The path to happiness and peace is paved with the scripts of thousands of lifestyle gurus who have developed their own way to get your life on track. Breathe like Wim Hof and you can climb Everest shirtless. Read Gorilla Mindset and unleash your inner alpha. Read a book a day and Tai Lopez will make you a billionaire overnight.

It’s not my intention to demean the methods within these works. Each contains certain truths and provides legitimate practices that can enhance one’s life. However, they ultimately do not satisfy what lies dormant in the souls of the beta males, the addicts, the unmotivated, and so on. Only through a genuine rebirth in religion can the disenfranchised members of our society find personal fulfillment.

I was raised in a casually Catholic home—the twice-a-year Catholic type. I went to a private Catholic school. I took over a decade of religion classes. I became a non-believer by the time I was a teenager, and assumed my internal debate on the issue was settled. I told my religious friends I still had an open-mind, and I meant it. As an atheist, though, I thought that barring divine intervention, nothing would alter my perception. I was ready to be knocked off my horse, so to speak, but wasn’t expecting any miracles.

My mind would slowly be changed over a year and then drastically over a month. The gateway was Jordan Peterson’s biblical lectures that revealed the apparent value of the Bible. Things accelerated once I read Modern Man in Search of a Soul by Carl Jung.

I must take a slight detour to illustrate my next point. Jung devotes a chapter to his differences with Freud. To summarize, Freud viewed the subconscious as a manifestation of man’s darkest side, while Jung saw both light and dark. Within the light, he identified man’s spiritual element that has existed as far back as his expressing it on cave walls. He observed that religion was a way of nourishing psychic health, especially during eruptions of chaos either on a personal level (e.g. divorce) or a societal level (e.g. war).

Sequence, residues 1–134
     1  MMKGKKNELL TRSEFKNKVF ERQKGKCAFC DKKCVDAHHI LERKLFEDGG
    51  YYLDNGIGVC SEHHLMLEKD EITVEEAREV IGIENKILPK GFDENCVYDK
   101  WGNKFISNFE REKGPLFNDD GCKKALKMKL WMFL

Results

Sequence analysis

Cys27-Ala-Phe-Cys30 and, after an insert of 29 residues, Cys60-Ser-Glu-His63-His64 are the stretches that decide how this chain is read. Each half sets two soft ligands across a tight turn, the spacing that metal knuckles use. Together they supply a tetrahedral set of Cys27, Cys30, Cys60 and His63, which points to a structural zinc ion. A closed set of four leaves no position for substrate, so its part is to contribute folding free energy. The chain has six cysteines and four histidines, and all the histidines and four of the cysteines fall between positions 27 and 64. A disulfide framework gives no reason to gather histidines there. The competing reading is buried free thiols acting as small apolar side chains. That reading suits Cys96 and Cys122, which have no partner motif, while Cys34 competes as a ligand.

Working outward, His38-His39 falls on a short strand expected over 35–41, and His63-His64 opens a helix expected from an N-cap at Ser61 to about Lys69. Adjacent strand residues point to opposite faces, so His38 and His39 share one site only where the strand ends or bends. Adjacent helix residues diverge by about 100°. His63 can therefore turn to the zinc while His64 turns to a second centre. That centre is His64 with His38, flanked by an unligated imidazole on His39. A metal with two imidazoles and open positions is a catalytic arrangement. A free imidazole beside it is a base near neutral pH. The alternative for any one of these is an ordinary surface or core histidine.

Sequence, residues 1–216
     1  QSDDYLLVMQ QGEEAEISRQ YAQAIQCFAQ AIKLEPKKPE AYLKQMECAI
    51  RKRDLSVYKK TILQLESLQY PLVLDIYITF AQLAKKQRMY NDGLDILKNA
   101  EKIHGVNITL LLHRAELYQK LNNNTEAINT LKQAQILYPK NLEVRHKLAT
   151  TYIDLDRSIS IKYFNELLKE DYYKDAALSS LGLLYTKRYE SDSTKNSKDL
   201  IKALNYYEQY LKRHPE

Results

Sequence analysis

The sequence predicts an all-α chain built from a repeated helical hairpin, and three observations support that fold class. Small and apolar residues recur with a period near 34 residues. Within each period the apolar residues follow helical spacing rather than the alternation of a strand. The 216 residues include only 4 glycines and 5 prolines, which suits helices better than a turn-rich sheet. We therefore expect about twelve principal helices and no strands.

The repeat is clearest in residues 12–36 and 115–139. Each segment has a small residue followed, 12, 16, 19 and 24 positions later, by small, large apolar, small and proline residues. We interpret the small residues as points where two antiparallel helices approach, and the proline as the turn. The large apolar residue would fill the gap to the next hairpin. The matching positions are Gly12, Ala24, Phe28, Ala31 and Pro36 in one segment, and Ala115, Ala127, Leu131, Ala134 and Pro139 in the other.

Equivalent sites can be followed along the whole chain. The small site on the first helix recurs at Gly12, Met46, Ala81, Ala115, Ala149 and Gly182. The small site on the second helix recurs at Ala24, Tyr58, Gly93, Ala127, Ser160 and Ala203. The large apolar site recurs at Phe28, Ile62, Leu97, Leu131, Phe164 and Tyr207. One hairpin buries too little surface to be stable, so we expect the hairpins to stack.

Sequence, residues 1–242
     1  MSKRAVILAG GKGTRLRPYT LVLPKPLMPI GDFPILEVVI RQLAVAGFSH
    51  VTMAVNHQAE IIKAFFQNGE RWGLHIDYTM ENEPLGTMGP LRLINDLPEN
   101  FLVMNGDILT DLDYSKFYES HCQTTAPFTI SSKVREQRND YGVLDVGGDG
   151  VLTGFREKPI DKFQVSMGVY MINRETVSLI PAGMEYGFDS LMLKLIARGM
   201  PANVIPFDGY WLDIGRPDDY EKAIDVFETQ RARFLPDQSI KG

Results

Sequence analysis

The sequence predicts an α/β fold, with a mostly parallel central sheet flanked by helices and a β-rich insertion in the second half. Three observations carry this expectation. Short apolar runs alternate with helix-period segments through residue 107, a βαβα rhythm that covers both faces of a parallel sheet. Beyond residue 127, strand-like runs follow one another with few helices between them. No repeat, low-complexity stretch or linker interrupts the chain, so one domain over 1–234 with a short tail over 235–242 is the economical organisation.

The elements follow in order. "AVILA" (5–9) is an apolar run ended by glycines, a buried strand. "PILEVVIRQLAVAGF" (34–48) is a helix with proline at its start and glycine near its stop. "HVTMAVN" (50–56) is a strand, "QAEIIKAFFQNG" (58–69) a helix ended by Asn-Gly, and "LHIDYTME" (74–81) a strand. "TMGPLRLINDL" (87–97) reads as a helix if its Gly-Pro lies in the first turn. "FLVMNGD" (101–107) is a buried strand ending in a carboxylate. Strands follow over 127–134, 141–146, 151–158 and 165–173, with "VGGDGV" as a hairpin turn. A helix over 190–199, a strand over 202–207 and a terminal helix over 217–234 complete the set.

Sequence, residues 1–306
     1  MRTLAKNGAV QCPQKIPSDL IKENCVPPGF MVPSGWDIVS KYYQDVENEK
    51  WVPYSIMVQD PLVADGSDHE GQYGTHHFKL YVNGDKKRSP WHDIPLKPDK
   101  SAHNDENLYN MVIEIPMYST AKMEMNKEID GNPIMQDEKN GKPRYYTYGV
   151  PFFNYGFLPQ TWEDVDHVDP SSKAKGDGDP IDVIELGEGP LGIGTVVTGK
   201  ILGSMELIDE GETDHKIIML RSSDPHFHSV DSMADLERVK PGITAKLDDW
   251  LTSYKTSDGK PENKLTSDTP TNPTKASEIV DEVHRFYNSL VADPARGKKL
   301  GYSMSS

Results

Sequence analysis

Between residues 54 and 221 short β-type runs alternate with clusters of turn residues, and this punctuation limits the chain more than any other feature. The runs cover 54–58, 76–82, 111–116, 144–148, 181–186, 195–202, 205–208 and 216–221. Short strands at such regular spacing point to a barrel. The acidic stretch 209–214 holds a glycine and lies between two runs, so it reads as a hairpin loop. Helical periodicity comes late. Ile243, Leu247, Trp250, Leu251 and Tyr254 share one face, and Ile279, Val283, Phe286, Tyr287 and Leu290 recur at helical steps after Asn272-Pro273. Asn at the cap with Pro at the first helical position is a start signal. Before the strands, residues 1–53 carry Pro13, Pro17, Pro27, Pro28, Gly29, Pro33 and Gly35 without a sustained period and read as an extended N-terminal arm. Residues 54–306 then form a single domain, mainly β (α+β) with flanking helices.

When I read this, I thought of my own friends who had serious religious commitments. Two protestant friends of mine, so sure in their faith, had never been drunk, never tried a drug, rarely swore (only to have a real effect), were unencumbered by cell phone addiction, had genuinely contagious joy, and had a real community of good people behind them. One came from a broken household, the other from a wealthy, nuclear family. I was impressed with their virtue, but told myself, “Yes, religion is good and necessary for many people. I would never try to strip someone of his or her faith. But of course, it is not necessary for ME.”

What finally convinced me to repent from my spiritual neglect was a meeting I had with an old friend. I had not seen him since my last year of high school, in which I remembered an unsure, struggling individual. A good person? Absolutely. At peace? Hardly. He was diagnosed with Crohn’s disease when he was seventeen, his parents divorced soon after, and tendonitis sidelined him from athletic activities (of which he had considerable talent). He began smoking weed, and the friends he adopted only promoted further delinquency.